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The air movement supervisor

Friday 16 August - 08:26h  |  News & Press updates


Teamwork is important at the CATO Fastening with belts

 

 ... Bunk beds, white, spring-supported, were the trusted companions of thousands of soldiers, especially for cold and wet bivouac nights in the field. For some time these beds are not part of the standard Bundeswehr furniture anymore. A couple of years ago furniture items in the so-called "beech finish"- style were replaced by the colorful "Olympia"- series by the German armed forces. The good old bedsteads are now tied down at the cargo air terminal operation (CATO) of German Air Transport Wing 61 (ATW 61).


The logistics hub of the German Air Force for the Balkan mission (KFOR) is located at the Bavarian Air Base Landsberg/Penzing – and its soldiers transfer extraordinary material to destinations all over the world. One of them is air movement supervisor and Sergeant (Sgt) Vanessa Koch from the ATW 61.  

 

Logistic management in camouflage

"The beds are shipped to Senegal," explains Sergeant Vanessa Koch, “because the German Armed Forces have been involved in military training assistance in Senegal for several years, where soldiers of the German Army engineer school train soldiers of Senegal in some fields of pioneer activities.”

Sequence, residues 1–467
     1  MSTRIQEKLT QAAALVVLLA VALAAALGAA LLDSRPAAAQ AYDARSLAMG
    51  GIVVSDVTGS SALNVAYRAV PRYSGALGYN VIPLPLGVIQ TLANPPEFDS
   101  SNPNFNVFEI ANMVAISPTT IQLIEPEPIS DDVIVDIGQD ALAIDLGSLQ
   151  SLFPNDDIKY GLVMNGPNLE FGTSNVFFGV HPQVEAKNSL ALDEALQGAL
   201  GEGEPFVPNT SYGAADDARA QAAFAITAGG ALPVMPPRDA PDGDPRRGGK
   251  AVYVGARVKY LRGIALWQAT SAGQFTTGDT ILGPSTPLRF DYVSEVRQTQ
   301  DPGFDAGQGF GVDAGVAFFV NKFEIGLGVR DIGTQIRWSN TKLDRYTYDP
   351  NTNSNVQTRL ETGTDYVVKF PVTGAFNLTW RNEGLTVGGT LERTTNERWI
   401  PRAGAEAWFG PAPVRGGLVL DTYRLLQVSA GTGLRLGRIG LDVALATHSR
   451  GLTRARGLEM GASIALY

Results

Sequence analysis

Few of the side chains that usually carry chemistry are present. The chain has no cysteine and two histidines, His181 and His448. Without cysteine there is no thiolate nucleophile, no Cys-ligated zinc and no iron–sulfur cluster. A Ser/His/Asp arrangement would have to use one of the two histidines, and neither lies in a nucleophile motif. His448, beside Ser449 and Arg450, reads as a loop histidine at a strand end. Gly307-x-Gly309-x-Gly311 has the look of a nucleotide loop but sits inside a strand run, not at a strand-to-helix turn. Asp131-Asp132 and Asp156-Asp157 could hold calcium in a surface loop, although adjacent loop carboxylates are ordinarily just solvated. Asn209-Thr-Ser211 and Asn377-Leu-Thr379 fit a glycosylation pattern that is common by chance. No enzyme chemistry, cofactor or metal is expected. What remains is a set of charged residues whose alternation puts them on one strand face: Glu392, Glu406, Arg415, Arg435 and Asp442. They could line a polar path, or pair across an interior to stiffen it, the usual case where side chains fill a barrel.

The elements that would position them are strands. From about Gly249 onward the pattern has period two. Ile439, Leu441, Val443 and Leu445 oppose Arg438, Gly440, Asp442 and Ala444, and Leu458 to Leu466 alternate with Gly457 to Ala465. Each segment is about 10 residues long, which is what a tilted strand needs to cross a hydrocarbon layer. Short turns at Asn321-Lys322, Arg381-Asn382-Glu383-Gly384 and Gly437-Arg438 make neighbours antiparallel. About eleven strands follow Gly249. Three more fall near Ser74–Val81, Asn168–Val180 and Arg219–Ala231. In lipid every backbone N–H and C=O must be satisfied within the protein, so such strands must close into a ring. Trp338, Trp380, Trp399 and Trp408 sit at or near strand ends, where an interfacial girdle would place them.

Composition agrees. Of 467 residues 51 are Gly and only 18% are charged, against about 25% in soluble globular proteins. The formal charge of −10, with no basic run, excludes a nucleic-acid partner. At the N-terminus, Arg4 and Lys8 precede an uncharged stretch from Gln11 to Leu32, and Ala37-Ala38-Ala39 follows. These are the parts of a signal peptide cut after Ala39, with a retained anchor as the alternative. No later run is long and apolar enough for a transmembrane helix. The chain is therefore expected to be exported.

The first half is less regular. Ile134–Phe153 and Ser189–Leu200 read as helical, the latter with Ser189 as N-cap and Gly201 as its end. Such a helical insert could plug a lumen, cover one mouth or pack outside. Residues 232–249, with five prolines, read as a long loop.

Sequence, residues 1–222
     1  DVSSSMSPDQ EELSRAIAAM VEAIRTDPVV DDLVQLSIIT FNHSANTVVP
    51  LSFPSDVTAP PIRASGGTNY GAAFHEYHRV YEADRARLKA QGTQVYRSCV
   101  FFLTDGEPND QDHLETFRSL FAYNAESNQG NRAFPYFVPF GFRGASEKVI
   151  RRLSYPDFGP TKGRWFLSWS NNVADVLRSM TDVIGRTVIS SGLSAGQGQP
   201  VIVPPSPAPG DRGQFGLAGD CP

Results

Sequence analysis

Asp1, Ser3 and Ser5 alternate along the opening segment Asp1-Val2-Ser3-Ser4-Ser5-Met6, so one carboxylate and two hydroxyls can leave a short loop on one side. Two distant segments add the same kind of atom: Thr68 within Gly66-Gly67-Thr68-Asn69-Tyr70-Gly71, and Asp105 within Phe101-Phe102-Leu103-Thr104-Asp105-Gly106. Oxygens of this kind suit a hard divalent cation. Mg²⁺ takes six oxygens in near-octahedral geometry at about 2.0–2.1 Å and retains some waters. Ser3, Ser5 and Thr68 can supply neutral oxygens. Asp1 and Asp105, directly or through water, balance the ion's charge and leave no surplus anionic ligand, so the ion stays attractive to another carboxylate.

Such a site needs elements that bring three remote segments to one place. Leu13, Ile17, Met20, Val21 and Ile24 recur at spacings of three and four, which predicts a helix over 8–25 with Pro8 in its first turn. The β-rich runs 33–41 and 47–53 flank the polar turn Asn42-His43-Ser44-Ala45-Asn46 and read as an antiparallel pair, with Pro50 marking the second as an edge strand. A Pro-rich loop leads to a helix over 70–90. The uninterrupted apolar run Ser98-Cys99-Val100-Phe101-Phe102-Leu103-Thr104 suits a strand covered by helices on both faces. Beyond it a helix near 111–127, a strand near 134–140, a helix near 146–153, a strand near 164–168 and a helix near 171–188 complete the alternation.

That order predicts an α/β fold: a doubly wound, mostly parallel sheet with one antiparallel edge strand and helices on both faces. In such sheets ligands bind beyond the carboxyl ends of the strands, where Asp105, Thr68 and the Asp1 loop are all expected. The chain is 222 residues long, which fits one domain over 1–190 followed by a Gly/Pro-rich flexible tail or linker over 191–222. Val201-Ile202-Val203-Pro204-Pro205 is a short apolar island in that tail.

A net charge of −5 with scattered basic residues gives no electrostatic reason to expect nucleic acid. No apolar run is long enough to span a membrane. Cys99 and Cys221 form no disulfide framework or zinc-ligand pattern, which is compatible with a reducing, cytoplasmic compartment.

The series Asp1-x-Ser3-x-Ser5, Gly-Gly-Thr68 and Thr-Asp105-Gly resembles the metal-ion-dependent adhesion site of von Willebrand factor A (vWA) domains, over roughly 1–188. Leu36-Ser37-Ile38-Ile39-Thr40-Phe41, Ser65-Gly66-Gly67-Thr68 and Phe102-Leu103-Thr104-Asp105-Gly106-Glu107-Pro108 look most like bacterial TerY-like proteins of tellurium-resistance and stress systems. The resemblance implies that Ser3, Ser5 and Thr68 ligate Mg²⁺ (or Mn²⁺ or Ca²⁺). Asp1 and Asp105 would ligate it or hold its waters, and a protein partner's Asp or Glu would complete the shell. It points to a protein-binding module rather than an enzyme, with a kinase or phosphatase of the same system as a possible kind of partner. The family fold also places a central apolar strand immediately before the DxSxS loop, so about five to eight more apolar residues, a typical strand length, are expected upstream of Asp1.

Koch is serving in her CATO-team since 2006.
A relative of hers told her once about the Bundeswehr, says the 26-year-old sergeant. And this relative, who is stationed at Penzing as flight mechanic on the C-160 Transall transport aircraft, showed her some areas of the ATW 61. "However, for me this place was the most interesting area," utters Sgt Koch with a smile before proceeding to the next HCU – heavy cargo unit pallet, a standard air cargo transshipment pallet with a size of four meters by four meters.

 

 

Leading and moving


Leading and moving

 

On this pallet, the items are stacked evenly as high as the loading ramp permits , which is up to a maximum height of three meters. Subsequently, nets are placed over the cargo items and tied down onto the bottom so that an evenly packed pallet is produced.
Sgt Koch directs her soldiers to various places around the HCU. All together they tie down the net simultaneously on all sides. This has to be done carefully, because an item coming lose in the air could turn into a dangerous projectile. Similar to other transport vehicles, securing the load has the highest priority.
With a brief eye contact Sgt Koch beckons the operator of the Mulag LT 10 pallet- transporter to get started. The operator climbs into the vehicle and begins to lift the HCU – a task that requires some experience, as the LT 10 has a width of more than four meters. But the soldier steers the large vehicle easily through the hangar. A few minutes later, the cargo is on its way to the Transall aircraft and disappears into “the belly of the trusted workhorse”: The C-160D cargo bay.